Justin Cook:                        Sick Willy, slick mini mogul willy is a [crosstalk 00:20:52]

Ace Chapman:                   Yeah and it can’t make a good cup of coffee either.

Justin Cook:                        Excuse me, I’m making your coffee. I’m moguling it up over here. Yeah. It’s not going to work. Same thing as online businesses to a certain extent, right? So you know podcasts related businesses, it’s challenging if they really are attached to it because of you. This is a spectrum, right? On the very high end there’s Barbara who knows all of our customers by first name basis and all this, down to kind of the lower end where yes, maybe they write some posts but some of them are written by someone else. It’s not so much them. But yeah, I think as a new buyer, one that’s very personality driven, unless you are a part of that community already, unless like you’re maybe a co-host the show or you’re like involved in the audience and they know and appreciate you too, definitely not when you want to start with. I think that could be a recipe for disaster potentially.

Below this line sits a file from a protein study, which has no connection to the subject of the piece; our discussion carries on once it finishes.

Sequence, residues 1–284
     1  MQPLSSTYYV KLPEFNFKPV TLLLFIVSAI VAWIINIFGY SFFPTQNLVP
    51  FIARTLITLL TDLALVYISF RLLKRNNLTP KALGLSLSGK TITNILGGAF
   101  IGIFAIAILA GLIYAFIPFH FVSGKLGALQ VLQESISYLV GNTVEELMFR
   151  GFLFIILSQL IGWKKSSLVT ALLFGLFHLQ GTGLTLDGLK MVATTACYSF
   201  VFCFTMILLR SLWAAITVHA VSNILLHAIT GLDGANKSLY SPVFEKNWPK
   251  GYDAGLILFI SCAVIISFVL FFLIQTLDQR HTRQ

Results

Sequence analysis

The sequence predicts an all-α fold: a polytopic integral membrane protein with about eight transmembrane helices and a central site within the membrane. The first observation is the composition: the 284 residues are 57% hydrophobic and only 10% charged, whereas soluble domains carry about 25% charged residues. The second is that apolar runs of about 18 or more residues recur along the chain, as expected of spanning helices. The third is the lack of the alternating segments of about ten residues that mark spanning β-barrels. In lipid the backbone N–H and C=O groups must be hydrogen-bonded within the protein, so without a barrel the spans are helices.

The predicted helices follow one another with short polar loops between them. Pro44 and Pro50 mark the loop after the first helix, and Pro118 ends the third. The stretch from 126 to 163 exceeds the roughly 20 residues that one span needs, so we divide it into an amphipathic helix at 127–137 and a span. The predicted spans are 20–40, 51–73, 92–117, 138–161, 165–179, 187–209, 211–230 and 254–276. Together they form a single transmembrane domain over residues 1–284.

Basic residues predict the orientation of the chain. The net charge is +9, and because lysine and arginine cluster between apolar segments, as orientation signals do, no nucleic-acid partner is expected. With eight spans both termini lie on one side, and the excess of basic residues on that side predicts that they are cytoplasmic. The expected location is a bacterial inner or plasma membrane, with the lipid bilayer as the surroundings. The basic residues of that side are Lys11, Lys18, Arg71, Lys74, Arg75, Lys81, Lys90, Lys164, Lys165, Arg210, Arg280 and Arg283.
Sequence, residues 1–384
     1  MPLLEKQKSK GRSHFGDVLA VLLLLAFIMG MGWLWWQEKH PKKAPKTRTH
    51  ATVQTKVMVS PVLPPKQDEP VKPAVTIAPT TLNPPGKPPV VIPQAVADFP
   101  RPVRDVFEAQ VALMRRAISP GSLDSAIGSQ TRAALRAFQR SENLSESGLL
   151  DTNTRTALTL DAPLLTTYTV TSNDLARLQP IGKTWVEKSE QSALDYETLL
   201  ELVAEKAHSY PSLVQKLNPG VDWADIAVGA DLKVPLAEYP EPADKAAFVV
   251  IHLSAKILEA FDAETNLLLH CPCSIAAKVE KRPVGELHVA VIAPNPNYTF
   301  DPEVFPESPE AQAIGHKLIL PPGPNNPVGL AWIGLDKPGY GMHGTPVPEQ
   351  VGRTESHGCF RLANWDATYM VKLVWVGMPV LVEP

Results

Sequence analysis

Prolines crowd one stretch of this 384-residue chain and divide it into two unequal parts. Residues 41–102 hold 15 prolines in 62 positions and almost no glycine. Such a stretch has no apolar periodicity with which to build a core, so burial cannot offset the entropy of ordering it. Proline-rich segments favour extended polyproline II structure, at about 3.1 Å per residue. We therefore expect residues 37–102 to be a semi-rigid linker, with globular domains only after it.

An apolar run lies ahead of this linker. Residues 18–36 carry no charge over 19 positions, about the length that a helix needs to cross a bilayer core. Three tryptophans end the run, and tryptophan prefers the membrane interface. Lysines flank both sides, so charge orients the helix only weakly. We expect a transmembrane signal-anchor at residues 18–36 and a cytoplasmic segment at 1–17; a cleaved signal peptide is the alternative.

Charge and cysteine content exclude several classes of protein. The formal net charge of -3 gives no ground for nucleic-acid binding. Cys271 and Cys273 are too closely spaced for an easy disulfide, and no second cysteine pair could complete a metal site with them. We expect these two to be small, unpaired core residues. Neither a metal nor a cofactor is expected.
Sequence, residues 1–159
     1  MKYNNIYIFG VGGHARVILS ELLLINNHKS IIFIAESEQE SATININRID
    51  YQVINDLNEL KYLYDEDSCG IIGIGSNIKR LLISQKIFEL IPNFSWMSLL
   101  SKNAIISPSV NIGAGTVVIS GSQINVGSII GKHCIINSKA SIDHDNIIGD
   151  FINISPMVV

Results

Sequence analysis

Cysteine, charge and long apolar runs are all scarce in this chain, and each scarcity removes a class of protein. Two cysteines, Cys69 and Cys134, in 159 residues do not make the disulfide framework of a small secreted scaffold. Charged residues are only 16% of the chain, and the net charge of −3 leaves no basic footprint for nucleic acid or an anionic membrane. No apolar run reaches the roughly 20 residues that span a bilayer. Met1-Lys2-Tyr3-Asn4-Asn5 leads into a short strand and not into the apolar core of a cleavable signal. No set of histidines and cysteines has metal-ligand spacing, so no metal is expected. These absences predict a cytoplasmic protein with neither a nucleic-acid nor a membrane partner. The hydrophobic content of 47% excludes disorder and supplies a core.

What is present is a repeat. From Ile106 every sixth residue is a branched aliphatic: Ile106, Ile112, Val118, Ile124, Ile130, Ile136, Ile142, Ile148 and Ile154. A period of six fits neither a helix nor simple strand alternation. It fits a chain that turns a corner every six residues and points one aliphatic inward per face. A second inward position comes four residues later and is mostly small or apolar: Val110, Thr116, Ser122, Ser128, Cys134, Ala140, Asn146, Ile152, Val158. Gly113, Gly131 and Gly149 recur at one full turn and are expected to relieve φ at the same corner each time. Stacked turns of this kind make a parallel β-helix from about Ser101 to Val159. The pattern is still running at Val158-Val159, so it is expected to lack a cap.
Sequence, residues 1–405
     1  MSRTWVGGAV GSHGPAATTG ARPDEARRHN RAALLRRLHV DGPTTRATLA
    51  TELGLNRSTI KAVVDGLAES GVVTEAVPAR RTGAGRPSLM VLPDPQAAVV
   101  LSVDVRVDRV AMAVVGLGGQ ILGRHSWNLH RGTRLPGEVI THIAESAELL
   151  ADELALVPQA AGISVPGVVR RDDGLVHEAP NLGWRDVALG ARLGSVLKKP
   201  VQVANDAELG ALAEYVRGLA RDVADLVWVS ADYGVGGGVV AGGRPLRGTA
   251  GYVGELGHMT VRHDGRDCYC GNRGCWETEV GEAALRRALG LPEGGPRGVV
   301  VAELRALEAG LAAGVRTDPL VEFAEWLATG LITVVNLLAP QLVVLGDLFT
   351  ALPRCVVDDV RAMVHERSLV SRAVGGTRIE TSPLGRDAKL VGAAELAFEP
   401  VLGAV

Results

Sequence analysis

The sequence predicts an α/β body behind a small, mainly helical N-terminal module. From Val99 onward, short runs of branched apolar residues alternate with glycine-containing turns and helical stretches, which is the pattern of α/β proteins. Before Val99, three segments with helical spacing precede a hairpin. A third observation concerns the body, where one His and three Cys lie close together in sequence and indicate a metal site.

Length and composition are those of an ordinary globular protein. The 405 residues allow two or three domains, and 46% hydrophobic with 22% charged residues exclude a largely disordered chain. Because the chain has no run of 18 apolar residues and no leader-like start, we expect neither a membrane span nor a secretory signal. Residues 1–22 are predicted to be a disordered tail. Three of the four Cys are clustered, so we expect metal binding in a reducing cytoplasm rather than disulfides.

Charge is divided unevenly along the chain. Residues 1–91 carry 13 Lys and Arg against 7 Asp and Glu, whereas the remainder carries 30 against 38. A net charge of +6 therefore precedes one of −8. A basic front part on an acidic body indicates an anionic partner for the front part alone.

Ace Chapman:                   Yeah. Let’s talk about the next, the next big disqualifier that a Newbie can use and that’s history. You want to talk a little bit about that, Justin?

Justin Cook:                        Yeah, man. So here’s the thing. If a business has been around for six months. First two months suck, last four months, it’s crushing it, just crushing it. Right? Well you don’t know where on the spectrum of crushing it it is. It could be, you see this amazing trend lines going up on but up. It could have next hit its peak. It could go through the roof and start making a bunch of money. The big issue is it’s a risk. It’s a bigger risk. So if the business had been around for a year and a half, two years, three years, five years, 10 years, you have a much longer track record, right? It’s kind of gone through the peaks and valleys and dips that all businesses go through and you can see that tracked out over a longer period of time. So in general, this is a big one when it comes to multiple, we mentioned before, you know, multiples are multiplied by the cash flow or net profit, shorter businesses or a shorter lifespan businesses are going to have shorter multiples because the risk factor is much higher.